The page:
Learn more about our impactLearn more about our impact
WWF works to sustain the natural world for the benefit of people and wildlife, collaborating with partners from local to global levels in nearly 100 countries.
One of the most provocative questions anyone ever asked me is: “Why do you want to work on conservation in other countries when there’s still so much to do here at home?” For me, a first-generation American whose parents came here from Thailand (and so named me America!), “home” has always had many meanings.
Home is the United States, and working closely with WWF’s Northern Great Plains program has given me the utmost appreciation for the American prairie—one of the last intact temperate grassland ecosystems in the world. The Northern Great Plains is also home to an American icon, the plains bison, and one of the most endangered mammals in North America, the black-footed ferret. Eighty percent of the Northern Great Plains is owned by private landowners, many of whom are ranchers whose livelihoods depend on healthy grasslands. I’ve had the pleasure of visiting their homes on the prairie and advocating alongside them on Capitol Hill for Farm Bill reforms that protect grasslands.
Home is also Thailand, where my family comes from, where I lived for much of my first seven years, and where I spent summers until college. Through my work on US foreign policies that foster cooperation regarding water resources shared across country borders, I’m seeing challenges and opportunities play out around the Mekong River in Southeast Asia. The river flows 3,000 miles—through China, Myanmar, Laos, Thailand, Vietnam, and Cambodia—and is vital to the productivity of Asia’s massive agricultural “rice bowl.” It is also home to the world’s largest inland fishery, which accounts for up to 25% of global freshwater catch. The Mekong provides livelihoods for at least 60 million people. When it comes to the future of regional development and prosperity, it is critical that Mekong countries cooperate on issues that affect the river they share.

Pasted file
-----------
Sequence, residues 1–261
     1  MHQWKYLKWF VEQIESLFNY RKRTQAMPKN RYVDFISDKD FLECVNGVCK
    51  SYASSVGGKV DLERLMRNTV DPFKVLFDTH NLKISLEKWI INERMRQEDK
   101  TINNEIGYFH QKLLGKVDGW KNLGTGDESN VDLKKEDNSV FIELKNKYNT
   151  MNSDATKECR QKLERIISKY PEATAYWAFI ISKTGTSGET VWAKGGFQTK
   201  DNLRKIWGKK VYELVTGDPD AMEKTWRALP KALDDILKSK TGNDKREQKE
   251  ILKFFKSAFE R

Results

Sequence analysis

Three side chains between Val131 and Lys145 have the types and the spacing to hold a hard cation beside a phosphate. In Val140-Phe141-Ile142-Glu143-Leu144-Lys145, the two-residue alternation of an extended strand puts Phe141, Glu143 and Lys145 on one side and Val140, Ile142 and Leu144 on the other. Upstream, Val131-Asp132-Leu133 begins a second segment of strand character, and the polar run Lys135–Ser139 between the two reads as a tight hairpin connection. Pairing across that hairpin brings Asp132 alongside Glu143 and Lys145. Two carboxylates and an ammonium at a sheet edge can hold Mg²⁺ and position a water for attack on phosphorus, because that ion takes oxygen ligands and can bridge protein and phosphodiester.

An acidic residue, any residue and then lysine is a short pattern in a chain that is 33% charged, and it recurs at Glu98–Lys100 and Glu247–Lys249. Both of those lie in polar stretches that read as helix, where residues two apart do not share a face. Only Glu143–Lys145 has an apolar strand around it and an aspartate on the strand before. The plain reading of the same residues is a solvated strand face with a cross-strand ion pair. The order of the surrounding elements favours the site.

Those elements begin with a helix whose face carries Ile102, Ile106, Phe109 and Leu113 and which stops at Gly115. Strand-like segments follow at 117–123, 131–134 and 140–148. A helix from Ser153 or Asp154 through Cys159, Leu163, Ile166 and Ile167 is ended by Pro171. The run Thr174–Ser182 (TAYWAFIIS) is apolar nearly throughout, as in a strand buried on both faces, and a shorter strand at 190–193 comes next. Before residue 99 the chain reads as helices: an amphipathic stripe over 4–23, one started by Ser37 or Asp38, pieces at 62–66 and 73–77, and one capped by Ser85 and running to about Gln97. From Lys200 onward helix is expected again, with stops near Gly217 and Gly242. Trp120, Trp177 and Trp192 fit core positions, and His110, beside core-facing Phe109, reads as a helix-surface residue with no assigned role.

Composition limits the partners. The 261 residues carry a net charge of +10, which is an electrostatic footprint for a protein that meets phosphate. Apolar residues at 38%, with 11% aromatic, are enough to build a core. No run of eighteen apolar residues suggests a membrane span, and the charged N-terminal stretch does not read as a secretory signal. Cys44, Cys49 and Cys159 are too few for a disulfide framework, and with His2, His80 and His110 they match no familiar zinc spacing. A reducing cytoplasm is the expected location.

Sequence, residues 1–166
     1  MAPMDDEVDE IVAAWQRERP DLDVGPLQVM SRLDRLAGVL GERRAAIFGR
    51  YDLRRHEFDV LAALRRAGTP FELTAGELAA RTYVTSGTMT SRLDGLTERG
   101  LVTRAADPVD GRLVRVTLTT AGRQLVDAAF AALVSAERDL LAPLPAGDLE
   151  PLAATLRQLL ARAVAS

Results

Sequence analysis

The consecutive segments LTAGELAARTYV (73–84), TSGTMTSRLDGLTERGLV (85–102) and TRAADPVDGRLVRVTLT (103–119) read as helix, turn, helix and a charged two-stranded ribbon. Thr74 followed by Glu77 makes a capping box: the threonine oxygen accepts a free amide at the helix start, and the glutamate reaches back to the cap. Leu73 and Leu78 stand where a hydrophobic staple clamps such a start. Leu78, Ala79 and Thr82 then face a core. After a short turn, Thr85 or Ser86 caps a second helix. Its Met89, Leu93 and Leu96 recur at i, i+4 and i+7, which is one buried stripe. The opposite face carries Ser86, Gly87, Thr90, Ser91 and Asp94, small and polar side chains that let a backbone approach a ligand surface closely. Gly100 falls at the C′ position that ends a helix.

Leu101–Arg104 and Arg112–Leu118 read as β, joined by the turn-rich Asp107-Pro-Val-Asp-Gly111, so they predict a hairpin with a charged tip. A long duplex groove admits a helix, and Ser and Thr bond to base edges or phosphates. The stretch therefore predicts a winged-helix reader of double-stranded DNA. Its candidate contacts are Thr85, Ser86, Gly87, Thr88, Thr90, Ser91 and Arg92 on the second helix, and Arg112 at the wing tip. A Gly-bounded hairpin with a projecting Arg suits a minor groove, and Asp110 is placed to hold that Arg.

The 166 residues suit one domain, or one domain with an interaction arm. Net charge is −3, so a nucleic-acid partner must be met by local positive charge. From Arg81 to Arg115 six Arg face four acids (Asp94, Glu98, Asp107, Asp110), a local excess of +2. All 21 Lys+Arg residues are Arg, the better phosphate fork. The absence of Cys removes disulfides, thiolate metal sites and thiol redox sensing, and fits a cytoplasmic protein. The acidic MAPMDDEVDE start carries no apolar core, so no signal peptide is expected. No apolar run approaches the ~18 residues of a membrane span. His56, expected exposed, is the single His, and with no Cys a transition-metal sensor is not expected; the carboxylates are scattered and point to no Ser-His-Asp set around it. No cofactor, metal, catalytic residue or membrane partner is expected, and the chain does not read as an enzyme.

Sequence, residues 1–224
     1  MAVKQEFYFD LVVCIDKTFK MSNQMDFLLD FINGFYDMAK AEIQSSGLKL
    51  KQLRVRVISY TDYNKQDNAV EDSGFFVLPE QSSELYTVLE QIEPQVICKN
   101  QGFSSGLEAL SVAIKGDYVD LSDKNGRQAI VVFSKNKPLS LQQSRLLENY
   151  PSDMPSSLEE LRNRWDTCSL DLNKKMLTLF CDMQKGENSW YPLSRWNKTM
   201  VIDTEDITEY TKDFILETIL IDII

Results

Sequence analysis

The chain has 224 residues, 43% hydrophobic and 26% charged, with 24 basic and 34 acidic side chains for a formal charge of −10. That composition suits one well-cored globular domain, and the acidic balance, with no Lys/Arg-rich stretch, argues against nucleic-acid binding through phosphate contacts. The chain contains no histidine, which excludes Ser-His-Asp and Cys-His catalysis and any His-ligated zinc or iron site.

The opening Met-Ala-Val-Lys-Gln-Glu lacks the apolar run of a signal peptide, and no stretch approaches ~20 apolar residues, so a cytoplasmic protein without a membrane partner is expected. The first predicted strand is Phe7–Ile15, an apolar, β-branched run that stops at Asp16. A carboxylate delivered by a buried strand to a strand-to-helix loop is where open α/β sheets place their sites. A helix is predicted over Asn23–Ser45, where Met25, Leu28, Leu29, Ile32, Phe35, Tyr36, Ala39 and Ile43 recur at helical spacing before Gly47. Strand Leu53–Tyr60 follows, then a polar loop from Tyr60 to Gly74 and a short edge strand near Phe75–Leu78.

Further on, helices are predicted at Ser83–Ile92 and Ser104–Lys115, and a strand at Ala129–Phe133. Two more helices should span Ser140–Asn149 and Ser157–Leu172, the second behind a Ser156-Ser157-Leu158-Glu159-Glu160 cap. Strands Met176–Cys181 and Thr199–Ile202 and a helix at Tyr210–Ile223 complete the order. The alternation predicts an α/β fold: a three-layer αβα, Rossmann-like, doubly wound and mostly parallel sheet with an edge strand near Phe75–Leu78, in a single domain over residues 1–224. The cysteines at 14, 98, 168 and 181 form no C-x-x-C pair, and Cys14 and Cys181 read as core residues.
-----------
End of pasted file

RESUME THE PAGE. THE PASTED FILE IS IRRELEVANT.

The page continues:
These days, I feel at home on WWF’s US Government Relations (USGR) team. I came to WWF after completing a master’s degree in international relations at Syracuse University’s Maxwell School of Citizenship and Public Affairs. As a WWF intern in the summer of 2009, I supported a team of five inspiring individuals who had their fingers on DC’s political pulse and how it affects our conservation goals in the US and abroad. My summer internship turned into a fall internship, which led to the chance to join the USGR team officially, as a policy associate in January 2010. Since then, the team has worked closely on issues ranging from analyzing funding trends for international species conservation to fighting for domestic and international fisheries management policies and laws.
I currently manage our relationships with the US government and lead policy advocacy for the lower 48 states on issues such as agriculture, energy, public lands, and private lands. I work on international freshwater policy, focusing specifically on transboundary freshwater management. In this role, I work closely with teams in DC, Montana, and Bangkok to find policy solutions that allow us to achieve our conservation goals.
As a conservationist, I work every day toward putting myself out of a job—because that would mean that I’ve done something right. Conservation requires collaboration; I strongly believe that if all of us band together it is possible to balance the needs of people and nature for generations to come.
But a goal this big requires partnerships at all levels and across all parts of society: government, corporations, individuals. So it’s my job to stay up to date on the action in our nation’s capital and to share with WWF’s members the ways in which the US government is impacting our conservation goals. It is important to let members know how they can directly create change by contacting their representatives or signing a petition.
That’s my part of the puzzle: to work with US citizens and the US government, and to be a drumbeat for the places, water, and wildlife at stake.